Segmentation > Smart Cluster
Assigns each pixel to one of the specified classes using k-means clustering [1-4]. This can be a powerful and objective way of segmenting images. Works especially well for images with 3 or more feature types of interest, where different grayscale levels define the different feature types. This function results in a grayscale image where each class is colored according to the specified statistic of the underlying pixels.
To split the resulting image into different Layers, add a Set Memory image step afterwards, then iteratively call that restore image and use “Range Threshold” steps to select the different classes as B/W images.
1. Fill Type
Statistic to use to fill each cluster. Check “Auto Scale” to set the darkest class to black, set the brightest class to white, and scale in-between classes accordingly.
- Mean: Fills each cluster with mean value of underlying pixels
- Median: Fills each cluster with median value of underlying pixels
- StdDev: Fills each cluster with standard deviation of underlying pixels
- Min: Fills each cluster with minimum value of underlying pixels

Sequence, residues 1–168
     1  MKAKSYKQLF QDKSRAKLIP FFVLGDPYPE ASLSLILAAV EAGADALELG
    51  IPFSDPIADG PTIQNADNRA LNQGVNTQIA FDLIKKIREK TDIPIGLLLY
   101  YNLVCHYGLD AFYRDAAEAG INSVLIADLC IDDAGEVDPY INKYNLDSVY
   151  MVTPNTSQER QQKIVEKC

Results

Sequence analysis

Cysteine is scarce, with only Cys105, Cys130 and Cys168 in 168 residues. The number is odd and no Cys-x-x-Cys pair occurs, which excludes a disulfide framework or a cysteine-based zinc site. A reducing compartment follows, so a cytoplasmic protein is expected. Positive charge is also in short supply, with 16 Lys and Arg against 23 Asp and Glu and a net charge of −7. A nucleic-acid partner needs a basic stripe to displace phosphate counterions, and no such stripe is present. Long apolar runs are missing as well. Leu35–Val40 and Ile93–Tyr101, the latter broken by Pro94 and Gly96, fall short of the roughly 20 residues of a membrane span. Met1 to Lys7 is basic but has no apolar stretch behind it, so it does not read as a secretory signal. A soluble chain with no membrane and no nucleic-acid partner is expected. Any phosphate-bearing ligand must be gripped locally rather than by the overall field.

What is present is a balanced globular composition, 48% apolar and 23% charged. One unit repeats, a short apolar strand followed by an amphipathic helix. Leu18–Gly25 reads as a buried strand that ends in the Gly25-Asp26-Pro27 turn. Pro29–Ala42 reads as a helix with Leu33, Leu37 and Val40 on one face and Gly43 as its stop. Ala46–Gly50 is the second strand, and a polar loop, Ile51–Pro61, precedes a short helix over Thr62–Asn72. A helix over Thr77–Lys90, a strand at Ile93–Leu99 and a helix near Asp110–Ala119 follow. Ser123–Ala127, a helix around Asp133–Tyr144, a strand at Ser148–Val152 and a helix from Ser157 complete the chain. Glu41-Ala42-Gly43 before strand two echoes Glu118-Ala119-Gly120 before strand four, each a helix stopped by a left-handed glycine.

- Max: Fills each cluster with maximum value of underlying pixels
- Class: Fills each cluster with value of its class. Image is normalized from 0 to 255 afterwards for easier visualization.
Number of classes to cluster each pixel into. If you are trying to segment one set of features from the background, you should enter 2 classes.
3. Edge Type
Class order for edge cleaning
- Dark to Bright: Expands each class to clean edges from darkest class to brightest class. Recommended to clean edge artifacts for dark features on bright backgrounds.
- Bright to Dark: Expands each class to clean edges from brightest class to darkest class. Recommended to clean edge artifacts for bright features on dark backgrounds.
4. Edge Clean
Factor which controls extent to which edge artifacts are removed. The value indicates the max pixel thickness of edge artifacts that will be removed. Use 0 for no cleaning.
Parameter that controls the resolution of the cluster. Lower speed results in higher resolution clustering, but takes longer. Higher speed results in faster execution but lower resolution clustering.
 Arthur, David, and Sergi Vassilvitskii. “K-means++: The Advantages of Careful Seeding.” SODA ‘07: Proceedings of the Eighteenth Annual ACM-SIAM Symposium on Discrete Algorithms. 2007, pp. 1027–1035.
 Lloyd, Stuart P. “Least Squares Quantization in PCM.” IEEE Transactions on Information Theory. Vol. 28, 1982, pp. 129–137.
 Seber, G. A. F. Multivariate Observations. Hoboken, NJ: John Wiley & Sons, Inc., 1984.
 Spath, H. Cluster Dissection and Analysis: Theory, FORTRAN Programs, Examples. Translated by J. Goldschmidt. New York: Halsted Press, 1985.
- Smart cluster with 2 classes is equivalent to a basic threshold with the ‘Auto’ setting, avoid this to improve objectivity
- Use smart cluster to objectively classify grayscale image data into discrete feature clusters where the number of classes is equal to the number of discrete features you’re interested in.
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